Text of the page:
ANGLICANS

 

What are Anglicans?  Good question.  Anglicanism is the third largest Christian tradition worldwide (After the Roman Catholic and Eastern Orthodox traditions), involving more than 90 million people. With roots emerging as far back as the first or second centuries in the Celtic Isles, this British expression is also one of the oldest Christian traditions. From the seventh through the fifteenth centuries, the English Church came under the authority of the Church of Rome (Roman Catholicism). In the fourteenth century, many of the most influential English clergymen began questioning some of the newer theological positions and decisions of the Roman Church. Then, in the sixteenth century, English clergymen opted to utilize a political rift between the Pope in Rome and the King of England as a means to establish independence for the Church of England. So, in 1534 the Anglican Church was formally born.

 

Over these last nearly five hundred years, the Anglican tradition has spread all over the world. In Africa, the Anglican Church has flourished. In recent history, the Church in Rwanda has seen spiritual awakening. This renewal came about as the Church in Rwanda boldly sought to become an instrument of reconciliation in the wake of the devastating genocide of 1994. As these Africans began experiencing God in tremendous new ways, they couldn’t help but take notice of the current crisis of faith taking place in our Western world. In the year 2000, the Archbishop of Rwanda took unprecedented measures by establishing the Anglican Mission. As a direct result of that commission from Rwanda, the Mission is one of hundreds of communities of faith that has been established in the Americas in the 2000’s. Eventually the AMiA helped establish the Anglican Church in North America, and today the Mission Chattanooga is a member of the ACNA.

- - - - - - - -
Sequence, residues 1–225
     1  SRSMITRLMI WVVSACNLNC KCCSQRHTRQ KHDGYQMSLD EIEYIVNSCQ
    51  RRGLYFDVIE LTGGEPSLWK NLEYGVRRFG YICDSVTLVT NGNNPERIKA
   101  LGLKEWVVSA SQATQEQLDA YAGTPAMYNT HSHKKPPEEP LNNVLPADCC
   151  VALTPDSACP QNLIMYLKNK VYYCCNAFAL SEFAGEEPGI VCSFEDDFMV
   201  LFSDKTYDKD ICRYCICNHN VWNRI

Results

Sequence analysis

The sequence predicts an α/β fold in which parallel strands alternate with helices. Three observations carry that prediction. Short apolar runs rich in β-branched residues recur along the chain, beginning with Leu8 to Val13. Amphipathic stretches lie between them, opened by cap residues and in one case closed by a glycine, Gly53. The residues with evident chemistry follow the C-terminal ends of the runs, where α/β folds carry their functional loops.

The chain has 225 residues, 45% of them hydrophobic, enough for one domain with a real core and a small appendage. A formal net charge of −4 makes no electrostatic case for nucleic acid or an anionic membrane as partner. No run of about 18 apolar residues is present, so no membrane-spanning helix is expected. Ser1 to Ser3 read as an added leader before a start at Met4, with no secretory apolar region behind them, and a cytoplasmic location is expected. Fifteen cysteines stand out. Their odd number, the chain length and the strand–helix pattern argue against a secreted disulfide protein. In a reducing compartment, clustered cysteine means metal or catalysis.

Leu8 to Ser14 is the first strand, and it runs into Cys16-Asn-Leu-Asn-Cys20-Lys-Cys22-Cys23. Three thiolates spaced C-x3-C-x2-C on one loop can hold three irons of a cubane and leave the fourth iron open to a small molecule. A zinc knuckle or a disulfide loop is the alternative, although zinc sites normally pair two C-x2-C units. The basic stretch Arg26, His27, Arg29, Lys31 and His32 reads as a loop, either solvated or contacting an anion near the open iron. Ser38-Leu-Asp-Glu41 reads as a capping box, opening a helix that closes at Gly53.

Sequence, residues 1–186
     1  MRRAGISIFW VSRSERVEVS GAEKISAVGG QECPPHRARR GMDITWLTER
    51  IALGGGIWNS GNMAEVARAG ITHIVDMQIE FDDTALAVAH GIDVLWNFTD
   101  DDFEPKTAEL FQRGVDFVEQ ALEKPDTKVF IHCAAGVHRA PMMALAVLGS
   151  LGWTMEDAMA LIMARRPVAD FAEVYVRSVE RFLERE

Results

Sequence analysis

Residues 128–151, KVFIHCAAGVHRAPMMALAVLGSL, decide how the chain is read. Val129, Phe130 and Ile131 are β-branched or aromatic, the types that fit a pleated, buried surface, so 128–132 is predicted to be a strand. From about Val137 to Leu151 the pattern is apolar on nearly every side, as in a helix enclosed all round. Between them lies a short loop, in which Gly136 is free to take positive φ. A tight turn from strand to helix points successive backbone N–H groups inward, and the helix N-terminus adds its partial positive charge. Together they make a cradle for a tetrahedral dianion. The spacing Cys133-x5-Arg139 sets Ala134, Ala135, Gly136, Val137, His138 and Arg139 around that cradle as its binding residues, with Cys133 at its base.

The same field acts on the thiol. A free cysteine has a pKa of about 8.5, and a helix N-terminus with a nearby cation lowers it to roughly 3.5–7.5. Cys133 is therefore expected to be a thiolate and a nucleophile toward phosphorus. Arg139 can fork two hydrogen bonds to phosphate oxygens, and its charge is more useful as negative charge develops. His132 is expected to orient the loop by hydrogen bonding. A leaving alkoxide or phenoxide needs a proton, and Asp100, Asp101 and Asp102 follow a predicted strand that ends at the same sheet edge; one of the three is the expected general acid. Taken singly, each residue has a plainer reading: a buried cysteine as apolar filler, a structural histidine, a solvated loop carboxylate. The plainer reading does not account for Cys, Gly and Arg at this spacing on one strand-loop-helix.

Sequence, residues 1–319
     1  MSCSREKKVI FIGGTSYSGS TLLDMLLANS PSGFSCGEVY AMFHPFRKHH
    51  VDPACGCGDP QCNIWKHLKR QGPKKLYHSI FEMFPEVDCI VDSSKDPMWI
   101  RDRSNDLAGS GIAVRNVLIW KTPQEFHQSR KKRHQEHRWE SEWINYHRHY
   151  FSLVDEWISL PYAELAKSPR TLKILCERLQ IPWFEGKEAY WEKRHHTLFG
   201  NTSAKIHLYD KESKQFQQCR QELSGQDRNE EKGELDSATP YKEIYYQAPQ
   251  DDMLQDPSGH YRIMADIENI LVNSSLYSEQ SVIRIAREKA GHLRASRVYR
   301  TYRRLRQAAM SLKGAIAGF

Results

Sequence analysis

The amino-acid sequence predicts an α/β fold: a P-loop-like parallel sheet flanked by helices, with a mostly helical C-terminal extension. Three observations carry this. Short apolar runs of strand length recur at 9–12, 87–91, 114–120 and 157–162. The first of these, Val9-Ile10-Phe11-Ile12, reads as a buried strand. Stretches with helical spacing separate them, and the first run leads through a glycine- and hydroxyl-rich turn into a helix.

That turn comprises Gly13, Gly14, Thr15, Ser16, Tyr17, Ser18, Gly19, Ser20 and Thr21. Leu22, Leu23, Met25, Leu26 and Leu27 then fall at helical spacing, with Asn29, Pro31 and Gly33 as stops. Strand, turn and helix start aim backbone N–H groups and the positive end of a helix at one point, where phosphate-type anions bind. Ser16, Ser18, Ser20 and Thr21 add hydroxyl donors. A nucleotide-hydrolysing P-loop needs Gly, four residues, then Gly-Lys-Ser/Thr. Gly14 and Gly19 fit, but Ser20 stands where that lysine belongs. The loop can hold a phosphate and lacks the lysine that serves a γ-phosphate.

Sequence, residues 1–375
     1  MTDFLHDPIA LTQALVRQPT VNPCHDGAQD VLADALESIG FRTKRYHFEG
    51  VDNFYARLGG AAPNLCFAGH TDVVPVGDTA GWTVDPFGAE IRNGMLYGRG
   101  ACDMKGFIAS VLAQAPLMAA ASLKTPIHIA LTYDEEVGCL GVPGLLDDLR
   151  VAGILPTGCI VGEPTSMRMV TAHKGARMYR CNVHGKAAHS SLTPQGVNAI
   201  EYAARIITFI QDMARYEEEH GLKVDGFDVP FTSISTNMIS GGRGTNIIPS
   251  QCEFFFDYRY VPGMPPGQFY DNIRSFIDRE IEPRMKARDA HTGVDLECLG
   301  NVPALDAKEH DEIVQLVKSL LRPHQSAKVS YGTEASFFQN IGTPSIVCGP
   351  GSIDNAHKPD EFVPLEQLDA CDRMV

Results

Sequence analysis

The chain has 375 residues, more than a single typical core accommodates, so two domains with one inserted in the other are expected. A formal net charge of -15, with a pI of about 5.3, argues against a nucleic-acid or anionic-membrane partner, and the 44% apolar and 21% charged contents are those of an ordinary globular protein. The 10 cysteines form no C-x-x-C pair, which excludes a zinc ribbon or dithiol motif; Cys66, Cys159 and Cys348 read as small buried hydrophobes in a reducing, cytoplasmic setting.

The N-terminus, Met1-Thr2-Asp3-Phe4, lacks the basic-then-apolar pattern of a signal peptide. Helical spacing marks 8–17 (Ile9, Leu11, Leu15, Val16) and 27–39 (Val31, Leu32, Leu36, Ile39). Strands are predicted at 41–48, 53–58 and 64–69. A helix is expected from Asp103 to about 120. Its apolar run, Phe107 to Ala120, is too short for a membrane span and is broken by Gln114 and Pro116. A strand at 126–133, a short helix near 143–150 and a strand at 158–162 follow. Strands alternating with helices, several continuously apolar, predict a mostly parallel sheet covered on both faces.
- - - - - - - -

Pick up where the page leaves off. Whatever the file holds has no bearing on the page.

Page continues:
So, what does this all mean? As we come together in worship, we find ourselves a part of a very old story. It is the story of a faith established long ago in a city called Jerusalem, in the ancient Near East. That faith was then handed to the Celtic people in the British Isles some 1800-1900 years ago. After hundreds of years developing autonomously, that faith was placed under the authority and cultivation of Rome. Nearly 500 years ago, after the English Church was made independent once again, that faith was exported on ships all over the world. It landed in Africa and began to grow. Finally, in an historic turn, in the year 2000 that faith was sent back to the West from Africa.